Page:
Indeed, the sisters—Julie, Lisa (our oldest, who lived in Ohio with her husband Todd and was a schoolteacher), and our youngest daughter, Melissa—had already purchased plane tickets for an all-sisters vacation in Orlando, Florida. The sisters (born strategically four years apart, each in July) were to take in the wonderful world of Disney, and then the rest of us would show up at Pompano Beach to move Julie and her stuff into her place near the Christian school where she would be debuting as a teacher.
The summer looked bright enough to call for sunglasses.
But back to our June 6 evening. Sue, my wife, was reading the paper, winding down her day and preparing to go to bed. She had to be on the job early the next day at the nursing home where she was a nurse—and where Melissa worked part-time. Mell, too, would be working on Friday.
Sue didn’t want to go to bed until she knew Melissa was safely home. Mell was at a cottage on Lake Michigan with some school friends where the parents hosted an end-ofschool party of pizza, jet-skiing, and just good times. Melissa had called her mom at eight o’clock to tell us she would be on her way home with her boyfriend Jordan at nine.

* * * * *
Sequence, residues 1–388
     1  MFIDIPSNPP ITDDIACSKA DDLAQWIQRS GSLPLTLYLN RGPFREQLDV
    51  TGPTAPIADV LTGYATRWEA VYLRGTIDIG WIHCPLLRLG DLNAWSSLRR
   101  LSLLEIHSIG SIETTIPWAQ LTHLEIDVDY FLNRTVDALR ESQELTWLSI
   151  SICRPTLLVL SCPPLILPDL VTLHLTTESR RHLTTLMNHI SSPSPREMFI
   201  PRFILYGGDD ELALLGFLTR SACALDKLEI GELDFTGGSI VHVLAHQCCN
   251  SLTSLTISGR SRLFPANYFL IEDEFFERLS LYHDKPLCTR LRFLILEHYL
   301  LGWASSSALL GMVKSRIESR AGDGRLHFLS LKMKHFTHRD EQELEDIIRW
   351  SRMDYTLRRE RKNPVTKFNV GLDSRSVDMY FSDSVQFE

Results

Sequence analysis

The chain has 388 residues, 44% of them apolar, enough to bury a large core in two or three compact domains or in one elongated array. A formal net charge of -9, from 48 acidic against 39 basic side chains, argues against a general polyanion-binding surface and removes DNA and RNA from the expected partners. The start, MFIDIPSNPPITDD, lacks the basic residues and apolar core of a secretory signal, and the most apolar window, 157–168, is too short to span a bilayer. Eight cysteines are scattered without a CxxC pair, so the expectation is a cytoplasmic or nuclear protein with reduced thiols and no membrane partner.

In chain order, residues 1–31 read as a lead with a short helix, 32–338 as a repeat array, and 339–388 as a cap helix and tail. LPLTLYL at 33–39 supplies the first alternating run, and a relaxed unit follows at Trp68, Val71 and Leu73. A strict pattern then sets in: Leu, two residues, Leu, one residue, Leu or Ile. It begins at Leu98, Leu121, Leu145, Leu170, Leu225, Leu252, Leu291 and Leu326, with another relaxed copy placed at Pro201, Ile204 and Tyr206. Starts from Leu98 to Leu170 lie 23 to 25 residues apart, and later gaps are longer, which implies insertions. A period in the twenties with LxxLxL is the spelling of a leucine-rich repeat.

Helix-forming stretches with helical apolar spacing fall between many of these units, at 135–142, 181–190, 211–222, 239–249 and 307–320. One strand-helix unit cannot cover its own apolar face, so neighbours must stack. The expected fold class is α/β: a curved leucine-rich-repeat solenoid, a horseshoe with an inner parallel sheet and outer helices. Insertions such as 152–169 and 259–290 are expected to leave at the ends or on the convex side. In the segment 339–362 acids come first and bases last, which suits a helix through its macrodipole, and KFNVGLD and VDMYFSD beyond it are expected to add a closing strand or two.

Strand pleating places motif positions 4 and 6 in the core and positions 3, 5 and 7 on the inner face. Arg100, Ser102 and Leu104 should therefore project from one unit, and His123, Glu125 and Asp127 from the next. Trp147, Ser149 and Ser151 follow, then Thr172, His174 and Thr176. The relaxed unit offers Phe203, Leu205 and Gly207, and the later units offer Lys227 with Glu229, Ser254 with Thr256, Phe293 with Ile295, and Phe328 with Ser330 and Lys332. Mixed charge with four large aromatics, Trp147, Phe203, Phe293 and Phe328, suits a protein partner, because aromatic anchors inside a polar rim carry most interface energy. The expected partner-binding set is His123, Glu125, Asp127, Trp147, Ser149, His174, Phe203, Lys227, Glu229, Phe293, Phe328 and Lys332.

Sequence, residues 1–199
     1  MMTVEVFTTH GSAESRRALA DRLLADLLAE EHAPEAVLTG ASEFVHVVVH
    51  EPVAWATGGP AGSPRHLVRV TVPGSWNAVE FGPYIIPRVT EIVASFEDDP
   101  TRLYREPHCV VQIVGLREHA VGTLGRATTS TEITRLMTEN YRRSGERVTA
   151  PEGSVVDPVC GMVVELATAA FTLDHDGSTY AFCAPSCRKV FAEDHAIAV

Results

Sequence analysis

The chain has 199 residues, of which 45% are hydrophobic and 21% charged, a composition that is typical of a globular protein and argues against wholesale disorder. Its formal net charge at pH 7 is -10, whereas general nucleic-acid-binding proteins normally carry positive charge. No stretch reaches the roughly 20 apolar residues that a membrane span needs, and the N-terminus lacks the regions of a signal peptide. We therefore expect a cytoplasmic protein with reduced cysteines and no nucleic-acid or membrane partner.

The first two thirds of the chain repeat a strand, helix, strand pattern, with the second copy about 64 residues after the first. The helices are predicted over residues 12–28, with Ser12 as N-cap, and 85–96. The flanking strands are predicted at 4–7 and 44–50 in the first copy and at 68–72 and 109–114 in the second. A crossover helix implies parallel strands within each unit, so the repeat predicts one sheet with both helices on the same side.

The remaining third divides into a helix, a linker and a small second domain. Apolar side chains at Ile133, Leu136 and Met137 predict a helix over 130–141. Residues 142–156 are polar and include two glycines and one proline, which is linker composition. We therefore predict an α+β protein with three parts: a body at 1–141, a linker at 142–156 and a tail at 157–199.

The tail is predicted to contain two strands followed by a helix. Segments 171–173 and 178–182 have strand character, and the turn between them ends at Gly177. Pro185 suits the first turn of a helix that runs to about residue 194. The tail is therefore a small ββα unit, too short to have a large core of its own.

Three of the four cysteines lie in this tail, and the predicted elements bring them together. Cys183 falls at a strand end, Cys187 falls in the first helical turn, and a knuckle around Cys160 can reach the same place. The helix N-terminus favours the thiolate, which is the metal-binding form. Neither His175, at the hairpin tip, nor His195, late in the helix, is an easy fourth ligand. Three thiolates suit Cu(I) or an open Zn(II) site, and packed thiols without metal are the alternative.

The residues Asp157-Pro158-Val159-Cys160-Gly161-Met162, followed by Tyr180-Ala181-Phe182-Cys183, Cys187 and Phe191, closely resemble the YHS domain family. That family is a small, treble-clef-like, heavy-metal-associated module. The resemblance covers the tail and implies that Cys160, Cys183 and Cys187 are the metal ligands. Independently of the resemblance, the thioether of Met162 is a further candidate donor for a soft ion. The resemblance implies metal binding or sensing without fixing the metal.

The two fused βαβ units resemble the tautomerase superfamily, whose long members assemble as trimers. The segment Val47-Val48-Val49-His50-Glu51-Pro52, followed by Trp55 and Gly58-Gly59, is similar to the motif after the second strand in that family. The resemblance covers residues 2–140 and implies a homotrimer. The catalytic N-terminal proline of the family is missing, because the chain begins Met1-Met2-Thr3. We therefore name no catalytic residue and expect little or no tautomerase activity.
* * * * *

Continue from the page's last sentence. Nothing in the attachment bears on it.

The path of our life had been so direct. Four kids. Four kids who had trusted Jesus and made us proud. The pathway of a family with its eye on loving each other and honoring God in life. We could see the valley, but it seemed so far away as to be inaccessible.
Yet at just after nine p.m. on that gorgeous Michigan spring night, our lives veered off the path we thought would be ours for the rest of our time on earth. We careened off that pathway and went straight into the valley—an unfamiliar, dark, and deep ravine of near hopelessness.
While Jordan and Melissa were on their way home that evening, traveling on an unfamiliar road, Jordan pulled his car into an intersection—where it was hit broadside by another teen driver.